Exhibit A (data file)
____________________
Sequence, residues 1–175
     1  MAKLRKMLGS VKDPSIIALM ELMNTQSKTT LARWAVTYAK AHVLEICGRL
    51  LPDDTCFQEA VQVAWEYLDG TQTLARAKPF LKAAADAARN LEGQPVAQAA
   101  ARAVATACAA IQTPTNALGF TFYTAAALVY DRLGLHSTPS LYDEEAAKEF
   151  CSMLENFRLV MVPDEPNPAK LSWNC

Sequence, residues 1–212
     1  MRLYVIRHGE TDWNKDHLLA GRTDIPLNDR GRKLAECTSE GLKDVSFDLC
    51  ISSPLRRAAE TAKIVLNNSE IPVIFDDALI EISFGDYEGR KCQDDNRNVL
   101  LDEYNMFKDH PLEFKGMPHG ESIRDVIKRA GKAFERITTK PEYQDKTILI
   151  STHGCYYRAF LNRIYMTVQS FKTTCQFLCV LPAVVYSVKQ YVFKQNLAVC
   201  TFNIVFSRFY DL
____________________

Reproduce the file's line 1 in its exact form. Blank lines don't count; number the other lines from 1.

Sequence, residues 1–175